The advertisement industry has realized an introduction of various products that target the male client such as jewelry, toiletries, style and grooming goods. The male customer is now taking notice of their self-image, with bad breath, personal freshness, and body odor being the three issues that modern male clients care about in the modern age. Feasy (2009) is indicating that the gap between male and female growing has decreased significantly. This can be attributed to the changing sexual and cultural attitudes and the emergence of the metrosexual. Men aged under 25 years are being brought up in an area where male magazines have gained their rightful place in the social domain and men overall outlook has become a highly fancied endeavor. Masculinity and looks, physical prowess, and male power are some of the main male features that current advertisers are using to market their products.
Like in the ad under evaluation, it is clearly shown that male physical built, looks, and power are exploited to market the Coca cola drink. In other words, the advertiser is seeking to show potential clients that should they wish to amass physical strength, better looks, and freshness, they should not look further than the coke drink. This message is driven home as it can be seen clearly from the ad that the two people who were watching the pool guy are fascinated about the gentleman’s looks and they realizes that the secret behind it is a drink of coke. They rush to the refrigerator to grab a bottle for themselves, and this is a perfect example of how the modern male features are being exploited by advertisers.
Feasey (2009) further shows that an increase in sales can be attributed to the changes in masculinity, with increasing uncertainty regarding the male role within the home, workplace, family and wider gender unit. In addition, it has been suggested that the practice of lifestyle construction, which should be seen to include a focus on appearance and attractiveness for the contemporary male, might be seen to serve and important function as a means of coping with social change for the contemporary male. Additionally, one might choose to look at the aggressive economic model that the current beauty industry is based on. Feasey (2009) has explored the use of male body and its surrounding environment and notices that the male figure has taken a more important role in the advertisement world of today than it used to do in the previous eras.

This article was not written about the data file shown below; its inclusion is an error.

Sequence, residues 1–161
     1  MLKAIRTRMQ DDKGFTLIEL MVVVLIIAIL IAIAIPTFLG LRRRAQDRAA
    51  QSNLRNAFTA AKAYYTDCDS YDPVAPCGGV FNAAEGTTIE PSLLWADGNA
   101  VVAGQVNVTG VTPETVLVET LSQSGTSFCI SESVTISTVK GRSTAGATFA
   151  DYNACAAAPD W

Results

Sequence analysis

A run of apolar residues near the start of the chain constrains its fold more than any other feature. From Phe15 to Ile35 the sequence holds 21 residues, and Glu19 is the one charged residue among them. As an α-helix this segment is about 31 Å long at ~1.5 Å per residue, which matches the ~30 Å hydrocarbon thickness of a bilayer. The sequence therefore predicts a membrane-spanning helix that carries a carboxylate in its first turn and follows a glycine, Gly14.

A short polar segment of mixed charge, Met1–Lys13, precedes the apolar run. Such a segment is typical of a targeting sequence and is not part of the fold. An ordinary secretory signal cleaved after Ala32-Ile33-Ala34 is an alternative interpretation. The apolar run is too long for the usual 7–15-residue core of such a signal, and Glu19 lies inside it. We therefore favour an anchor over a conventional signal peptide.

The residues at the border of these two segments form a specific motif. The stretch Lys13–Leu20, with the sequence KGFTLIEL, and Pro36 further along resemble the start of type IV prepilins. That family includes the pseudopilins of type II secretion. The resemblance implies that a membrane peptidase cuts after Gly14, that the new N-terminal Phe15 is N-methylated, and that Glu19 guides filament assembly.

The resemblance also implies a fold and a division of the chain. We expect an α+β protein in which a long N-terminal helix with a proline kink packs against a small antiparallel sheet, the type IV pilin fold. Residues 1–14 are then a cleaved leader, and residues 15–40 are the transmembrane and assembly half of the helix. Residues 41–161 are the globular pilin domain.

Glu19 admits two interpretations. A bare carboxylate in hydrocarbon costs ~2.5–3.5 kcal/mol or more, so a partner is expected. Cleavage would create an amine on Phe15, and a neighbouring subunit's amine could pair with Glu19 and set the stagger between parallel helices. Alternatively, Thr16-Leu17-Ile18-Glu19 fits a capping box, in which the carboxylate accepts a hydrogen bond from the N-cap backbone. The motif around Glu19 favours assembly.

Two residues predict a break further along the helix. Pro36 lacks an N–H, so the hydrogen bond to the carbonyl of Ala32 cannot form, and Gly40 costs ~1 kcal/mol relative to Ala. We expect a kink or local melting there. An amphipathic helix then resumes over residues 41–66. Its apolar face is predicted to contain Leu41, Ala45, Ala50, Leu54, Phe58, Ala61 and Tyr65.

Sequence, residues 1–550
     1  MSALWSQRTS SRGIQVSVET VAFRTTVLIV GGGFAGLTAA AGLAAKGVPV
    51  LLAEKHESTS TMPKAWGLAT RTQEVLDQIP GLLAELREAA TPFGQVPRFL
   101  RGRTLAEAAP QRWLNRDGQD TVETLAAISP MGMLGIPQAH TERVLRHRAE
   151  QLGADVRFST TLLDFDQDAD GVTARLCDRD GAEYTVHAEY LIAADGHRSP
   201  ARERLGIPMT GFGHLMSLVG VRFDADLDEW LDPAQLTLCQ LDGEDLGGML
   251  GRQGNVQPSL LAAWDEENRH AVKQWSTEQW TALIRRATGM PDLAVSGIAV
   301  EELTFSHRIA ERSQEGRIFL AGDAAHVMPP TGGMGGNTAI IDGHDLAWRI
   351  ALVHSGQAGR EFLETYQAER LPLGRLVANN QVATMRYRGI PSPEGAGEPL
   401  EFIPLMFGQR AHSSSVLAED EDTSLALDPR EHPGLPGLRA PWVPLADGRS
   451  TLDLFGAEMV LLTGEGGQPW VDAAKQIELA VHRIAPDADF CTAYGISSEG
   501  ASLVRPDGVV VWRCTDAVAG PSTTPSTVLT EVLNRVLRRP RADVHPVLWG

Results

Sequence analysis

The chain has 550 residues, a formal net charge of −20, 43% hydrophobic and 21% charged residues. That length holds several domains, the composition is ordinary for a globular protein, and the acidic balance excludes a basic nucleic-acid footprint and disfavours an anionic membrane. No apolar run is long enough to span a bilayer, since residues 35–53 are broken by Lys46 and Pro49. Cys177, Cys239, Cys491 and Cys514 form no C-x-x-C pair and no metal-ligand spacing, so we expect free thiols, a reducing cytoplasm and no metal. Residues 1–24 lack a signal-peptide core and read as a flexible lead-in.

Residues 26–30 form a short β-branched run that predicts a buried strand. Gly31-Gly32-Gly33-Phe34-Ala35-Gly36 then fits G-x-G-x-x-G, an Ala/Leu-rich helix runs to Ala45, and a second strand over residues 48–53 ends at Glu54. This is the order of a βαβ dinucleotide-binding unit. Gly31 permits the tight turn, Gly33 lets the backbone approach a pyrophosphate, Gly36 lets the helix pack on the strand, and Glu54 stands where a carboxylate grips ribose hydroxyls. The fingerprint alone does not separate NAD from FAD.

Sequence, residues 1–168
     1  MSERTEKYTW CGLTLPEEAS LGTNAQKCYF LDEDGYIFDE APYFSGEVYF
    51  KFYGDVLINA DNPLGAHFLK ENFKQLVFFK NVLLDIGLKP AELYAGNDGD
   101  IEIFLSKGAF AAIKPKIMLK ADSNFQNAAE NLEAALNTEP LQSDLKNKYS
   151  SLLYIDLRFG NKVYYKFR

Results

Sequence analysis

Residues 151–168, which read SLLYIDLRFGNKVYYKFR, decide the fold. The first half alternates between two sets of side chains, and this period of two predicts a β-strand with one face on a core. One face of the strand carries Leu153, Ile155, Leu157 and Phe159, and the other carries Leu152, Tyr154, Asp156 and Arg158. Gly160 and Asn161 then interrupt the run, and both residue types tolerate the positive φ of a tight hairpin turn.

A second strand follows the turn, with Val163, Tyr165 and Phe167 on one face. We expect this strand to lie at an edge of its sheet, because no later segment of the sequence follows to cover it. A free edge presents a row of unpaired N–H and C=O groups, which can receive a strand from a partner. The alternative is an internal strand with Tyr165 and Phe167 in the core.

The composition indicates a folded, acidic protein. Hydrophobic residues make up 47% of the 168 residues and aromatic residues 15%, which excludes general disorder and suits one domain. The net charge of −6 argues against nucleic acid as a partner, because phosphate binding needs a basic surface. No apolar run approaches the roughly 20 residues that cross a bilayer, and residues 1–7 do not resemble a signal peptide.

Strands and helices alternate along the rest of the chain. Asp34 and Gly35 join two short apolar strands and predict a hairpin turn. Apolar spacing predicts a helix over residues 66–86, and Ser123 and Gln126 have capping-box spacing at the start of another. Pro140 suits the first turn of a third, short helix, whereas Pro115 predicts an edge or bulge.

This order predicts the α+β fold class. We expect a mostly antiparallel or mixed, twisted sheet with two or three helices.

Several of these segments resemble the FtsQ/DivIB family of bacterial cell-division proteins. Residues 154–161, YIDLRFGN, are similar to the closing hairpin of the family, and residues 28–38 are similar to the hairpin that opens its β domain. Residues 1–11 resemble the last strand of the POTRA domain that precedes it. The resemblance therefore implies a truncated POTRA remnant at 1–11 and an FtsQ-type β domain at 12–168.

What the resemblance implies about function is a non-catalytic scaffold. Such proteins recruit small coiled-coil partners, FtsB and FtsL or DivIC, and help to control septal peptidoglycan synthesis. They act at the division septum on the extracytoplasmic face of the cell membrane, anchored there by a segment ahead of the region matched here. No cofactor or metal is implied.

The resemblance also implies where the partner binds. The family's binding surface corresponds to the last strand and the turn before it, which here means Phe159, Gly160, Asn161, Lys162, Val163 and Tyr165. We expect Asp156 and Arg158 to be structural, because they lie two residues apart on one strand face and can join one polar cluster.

In condition, this paper has evaluated a video ad through the leases of Feasey analysis of the role masculinity is playing in modern advertisement. Rebecca Feasey (2009) indicates that there are a growing number of male grooming products where as such, men are continuously used to advertise those products in a shift from the popular feminine, sexist ads that feature women. This phenomenon can be attributed to the changes in masculinity, with increasing uncertainty regarding the male role within the home, workplace, family and wider gender unit. Similarly, Feasy (2009) is indicating that the gap between male and female growing has decreased significantly. This can be attributed to the changing sexual and cultural attitudes and the emergence of the metrosexual. The coke ad is a succinct example of role of the male figure in the advertisement world of today.

Reference
Feasey, R. (2009). Spray more, get more: masculinity, television advertising and the Lynx effect. Journal of Gender Studies, 18(4), 357 — 368. DOI: 10.1080/09589230903260027